Crazy what a year can do.

January 31, 2013 § Leave a comment

One year.

I got up at 4am and change, took a shower, and double checked my pack.  Hugged my host, Ben, goodbye in Chingford and climbed into the back of a cab for the long ride to Luton airport.  England has a beauty all her own, but it’s especially brilliant in the pre-dawn light.  I had slept for a total of one hour and 48 minutes, thanks to Benjamin’s dragging me to Winter’s Bar.  (I’m grinning.  I went very much of my own volition.)

That was a year ago.  At the end of the day, I was in Prague with what I am pretty sure is my first case of food poisoning.  What a way to meet your brand new roomie, right?  And, oh Caroline, that girl is all kinds of a trooper.

Loveys.  Amy, Caroline, a ja.

Loveys. Amy, Caroline, a ja.

Curled up in the fetal position was my position of choice for almost the entire next day.  Late in the afternoon, she cracked the door open and with the tiniest of voices muttered “Rooomiiiiiie?….Think I should call someone?”
Yes, sweet Lord.  Please call someone.
And so, I had my first tour of Prague from the back of a cab with an incredibly kind gentleman.  He knew about five English words and I knew about five Czech words, but we managed.  The Czech Republic in winter is gorgeous and, despite my sickness, I couldn’t help but notice.

I’ve said since that if I were to do it again, I would change the circumstances.  But, honestly, I don’t know that I would.  Living in that hostel with all the other students was, at times, so annoying.  I remember there were a few nights, Wednesdays and other random ones, where I would wake up at 330am because Kanye was on full blast right outside my door.  As I stumbled to the door, my brain would think “Show them love, show them love, show them love”.  And so, I would open the door, lean my head out, and yell (all squinty-eyed) “I love you!  Now, shut the f*@k up!”
It was rational at the time.  🙂

But, living in that hostel allowed me the opportunity to meet Ashley and Kelley and Alex and the list goes on and on.  The whole lot of them knew how to drive me crazy and then make me laugh about it.  Those students are some of the most beautiful walking the earth.  I have loved running into them around Raleigh in the months since.

A year out has granted me perspective.  When I arrived in Prague, I couldn’t even dream of holding someone’s hand.  As I flew back across the Atlantic in May, I watched a cheeseball romantic movie, just to see if I could feel again.  And I could.  And I cried.  They were some of the happiest tears I’ve ever wept.  Tears of joy that I could feel again, that my heart could experience ache, and that I was going home.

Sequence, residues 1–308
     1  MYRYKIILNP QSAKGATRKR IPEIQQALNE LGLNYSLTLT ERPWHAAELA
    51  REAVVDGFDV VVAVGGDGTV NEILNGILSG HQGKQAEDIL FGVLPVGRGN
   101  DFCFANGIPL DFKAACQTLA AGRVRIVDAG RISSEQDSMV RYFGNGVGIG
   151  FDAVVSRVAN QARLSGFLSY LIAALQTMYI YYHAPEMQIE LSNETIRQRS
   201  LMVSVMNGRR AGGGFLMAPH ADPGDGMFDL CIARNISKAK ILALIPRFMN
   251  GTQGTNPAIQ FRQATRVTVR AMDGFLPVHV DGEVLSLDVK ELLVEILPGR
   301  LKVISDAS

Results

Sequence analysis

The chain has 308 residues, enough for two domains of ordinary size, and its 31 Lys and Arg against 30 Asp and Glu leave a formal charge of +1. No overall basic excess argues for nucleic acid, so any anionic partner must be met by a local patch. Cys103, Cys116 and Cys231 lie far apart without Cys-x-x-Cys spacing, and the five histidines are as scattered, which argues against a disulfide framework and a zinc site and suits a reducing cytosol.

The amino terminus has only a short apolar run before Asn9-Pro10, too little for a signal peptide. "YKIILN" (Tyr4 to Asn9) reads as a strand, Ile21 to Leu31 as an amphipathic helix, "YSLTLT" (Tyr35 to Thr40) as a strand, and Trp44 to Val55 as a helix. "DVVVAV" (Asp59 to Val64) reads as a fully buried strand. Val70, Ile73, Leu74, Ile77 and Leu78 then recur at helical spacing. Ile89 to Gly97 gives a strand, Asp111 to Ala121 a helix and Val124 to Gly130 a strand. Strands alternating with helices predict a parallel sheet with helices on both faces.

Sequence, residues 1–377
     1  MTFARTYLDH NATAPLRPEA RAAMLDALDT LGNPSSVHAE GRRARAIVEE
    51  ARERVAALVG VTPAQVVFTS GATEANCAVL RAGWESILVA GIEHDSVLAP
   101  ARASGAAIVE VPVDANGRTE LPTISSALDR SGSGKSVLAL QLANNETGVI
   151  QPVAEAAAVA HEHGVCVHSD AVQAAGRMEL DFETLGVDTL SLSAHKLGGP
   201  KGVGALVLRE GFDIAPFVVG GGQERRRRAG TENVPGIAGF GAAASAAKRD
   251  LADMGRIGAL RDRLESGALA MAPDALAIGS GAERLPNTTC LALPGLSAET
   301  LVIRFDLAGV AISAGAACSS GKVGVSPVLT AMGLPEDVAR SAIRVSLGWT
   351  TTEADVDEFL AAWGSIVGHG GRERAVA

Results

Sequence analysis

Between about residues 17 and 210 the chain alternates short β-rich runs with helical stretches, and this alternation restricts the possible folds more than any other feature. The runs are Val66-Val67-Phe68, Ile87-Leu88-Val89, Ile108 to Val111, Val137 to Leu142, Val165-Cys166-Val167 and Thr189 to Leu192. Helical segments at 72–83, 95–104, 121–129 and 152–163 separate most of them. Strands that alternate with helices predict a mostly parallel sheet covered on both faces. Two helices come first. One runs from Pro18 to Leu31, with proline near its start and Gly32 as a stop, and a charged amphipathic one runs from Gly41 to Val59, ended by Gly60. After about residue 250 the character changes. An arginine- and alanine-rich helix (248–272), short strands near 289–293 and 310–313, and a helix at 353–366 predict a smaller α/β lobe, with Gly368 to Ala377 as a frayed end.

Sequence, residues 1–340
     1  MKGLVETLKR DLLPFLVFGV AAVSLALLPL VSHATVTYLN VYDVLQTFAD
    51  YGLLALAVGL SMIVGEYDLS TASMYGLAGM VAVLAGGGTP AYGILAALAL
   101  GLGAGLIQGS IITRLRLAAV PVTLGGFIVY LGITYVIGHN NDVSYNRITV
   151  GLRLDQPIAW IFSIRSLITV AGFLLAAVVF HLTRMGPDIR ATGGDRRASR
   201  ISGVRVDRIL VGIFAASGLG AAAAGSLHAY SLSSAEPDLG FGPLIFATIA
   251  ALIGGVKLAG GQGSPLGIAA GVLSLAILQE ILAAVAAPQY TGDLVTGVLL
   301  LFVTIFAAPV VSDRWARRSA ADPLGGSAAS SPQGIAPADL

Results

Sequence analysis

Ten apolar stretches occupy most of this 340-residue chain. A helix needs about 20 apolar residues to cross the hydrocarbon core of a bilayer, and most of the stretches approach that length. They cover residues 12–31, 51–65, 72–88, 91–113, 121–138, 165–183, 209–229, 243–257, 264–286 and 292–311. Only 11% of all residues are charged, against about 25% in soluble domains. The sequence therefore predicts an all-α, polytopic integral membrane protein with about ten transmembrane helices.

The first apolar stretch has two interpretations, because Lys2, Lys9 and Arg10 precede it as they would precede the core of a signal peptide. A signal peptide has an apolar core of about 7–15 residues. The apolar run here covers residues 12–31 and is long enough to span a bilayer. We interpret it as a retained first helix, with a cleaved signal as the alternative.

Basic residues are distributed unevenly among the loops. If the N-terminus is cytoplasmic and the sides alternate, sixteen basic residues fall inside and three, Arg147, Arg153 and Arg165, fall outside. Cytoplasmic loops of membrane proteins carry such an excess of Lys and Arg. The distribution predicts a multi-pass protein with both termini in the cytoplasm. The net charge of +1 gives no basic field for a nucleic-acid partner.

When I visited Europe for the first time, at 20, I remember thinking that those were my people and I had been relocated when I was a kid.  The former Yugoslavian republic of Macedonia(!) still tugs on a lot of heartstrings.  But, going the 2nd time, I think it might have been my age.  Going to another country when you’re right out of high school and not deeply rooted anywhere and your friends have only been around a year or two is fresh and exciting.  While Europe is definitely exciting, doing the same journey at 30, after living somewhere for over five years, is lonely and hard.

And then, I met Adad.
Just a few weeks in to the program, I was sitting on my bed and two of the girls come bounding in.  “AMARIS!  We have met the male version of you and he is SO NICE!  We got his business card and you seriously have to hang outttttttttt!”


Adad on a job in Saudi.

Adad Warda and I are the same age.  He is from San Francisco, creates films for a living, and is extremely outgoing.  We graced many a pub and were up to the wee hours frequently.  My last night in Prague, we stayed up talking until we couldn’t form complete sentences.  Being a wanderer means that, sometimes, others come along on the journey that connect with you.  They are refreshing and make you laugh incessantly and introduce you to restaurants where you eat like cavemen.

Last night in Praha.

Last night in Praha.

I love how wonderful people come out of nowhere.  To quote my friend Beau, “I know of God giving you just what you need when you needed it.  He is good that way.”

And, though it certainly didn’t feel like it at the time, Praha was exactly what I needed when I needed it.  With some growing under my belt and the elimination of some stresses, I’m ready to go again.  We’ll stop in Bedford and see Faith, go hug those in Prague I miss, and I’ll finally see Italy.

It was through the generosity of many of you that I was able to go and I hope that I have been able to spend time with each of you to say thank you.  It was a long and often difficult few months, but I would do it all again.  It brought me Amy, and Adad, and healing.
It certainly wasn’t perfect.
But, the journey is the joy.


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